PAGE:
For a few minutes all of us have zero anxiety, no depression, PTSD is absent, and if any bipolar problems are in the house they are both moonwalking. It is refreshing. We are briefly normal and carefree. Too soon we find ourselves back in our seats beginning our after lunch check-in. Reality is back. Anxiety, depression, PTSD, and bipolar troubles sneak through the door and/or window and gently take a seat along with their representing parties. The therapist says “Good afternoon, this is our afternoon check-in. Are there any topics or major concerns that need addressed?” The room is quite. Some look around. Some look down. Some just look. “So who’d like to begin?” is heard, to me it is almost a far off echo. I am present but zoning off in thought.
For the remaining couple hours that exist in today’s mental health out-patient program we all talk and provide feedback to each other. Some seem to be on a never ending Ferris Wheel, a constant circle of ups and downs, simply missing the uncomfortable over excited looking ponies. I feel bad for them and at the same time I get annoyed at them. I get tired of hearing the same sob story from the same people. Then I remind myself that I am no different, the only difference is that my ponies are painted in a variety of camouflage. My inner critic likes to think of the negative and that he is some kind of special mental health case. Little does he know, he’s an asshole just like everyone else’s inner critic. My rational mind battles him daily and often throughout.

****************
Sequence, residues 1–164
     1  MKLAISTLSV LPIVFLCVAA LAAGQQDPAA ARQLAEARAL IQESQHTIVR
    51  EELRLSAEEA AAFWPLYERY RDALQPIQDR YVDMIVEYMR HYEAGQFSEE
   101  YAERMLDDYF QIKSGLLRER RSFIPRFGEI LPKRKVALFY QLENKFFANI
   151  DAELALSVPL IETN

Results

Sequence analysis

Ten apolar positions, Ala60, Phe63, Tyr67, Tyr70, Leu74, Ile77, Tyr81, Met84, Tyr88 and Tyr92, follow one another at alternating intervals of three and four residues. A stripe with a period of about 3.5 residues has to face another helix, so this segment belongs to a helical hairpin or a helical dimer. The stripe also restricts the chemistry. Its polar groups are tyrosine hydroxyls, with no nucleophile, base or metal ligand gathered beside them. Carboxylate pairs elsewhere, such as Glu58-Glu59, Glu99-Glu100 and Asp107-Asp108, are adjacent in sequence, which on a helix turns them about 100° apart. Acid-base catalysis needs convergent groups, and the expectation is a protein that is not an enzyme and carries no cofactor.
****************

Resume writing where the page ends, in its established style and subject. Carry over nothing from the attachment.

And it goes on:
So we all speaking on the challenges we face. That double-dog cunning mind of ours and the silly tricks it plays on us comes up often in discussion. We are all really really good at providing advice and clarity to one another. At the same time we truly suck at taking it, not realizing our own advice is just what we need. Our current group therapist is good sharing this with us, she is knowledgeable and compassionate, but guides us to understanding, and leads us to answers we may or may not listen to. Some will need to hear those words numerous times before a connection is made. Some will fall back into that devilish darkness and start from the bottom again. Lessons will be learned.
Tough times will scar us all. In the past week, two of our regular peers have ended up back in the hospital. We all know why. We all briefly pause in silence as the news is told to us. The silence speaks volumes. I feel we are all thinking the same things, “What if that were me?” and “That fucking sucks ass for them”. We are understanding and happy to know they are at least alive.
As the day ends we smile and wish one another a wonderful evening. Rob mentions “Remember to practice your moonwalking” and just like that we are swept away back to a moment of peaceful joy. I smile in and outside. Bodies move towards the door and I am last in line to depart this ten by fifteen foot room. I stop by the trash can that keeps the bookcase company, depositing a cup that once held my coffee fix. My right leg moves back over the carpet as my left attempts to follow suit. My adventures with moonwalking end at that. Yup, everyone can moonwalk. At least here they can.
My book "Battling Myself" is about one person’s struggles, the highs and lows, and a life time of refusing to accept he had some serious issues. I am that one person and I never wanted to deal with the demons I had inside me. The PTSD, depression, anxiety, and suicidal ideations. I let the critic within control me for many years. I even let that critic convince me that I should die. Our minds are some powerful S.O.B.s when they want to be, for better and worse. I was Atlas until the word crushed me. The story covers a year of recovery; from wanting to die, to finally loving myself.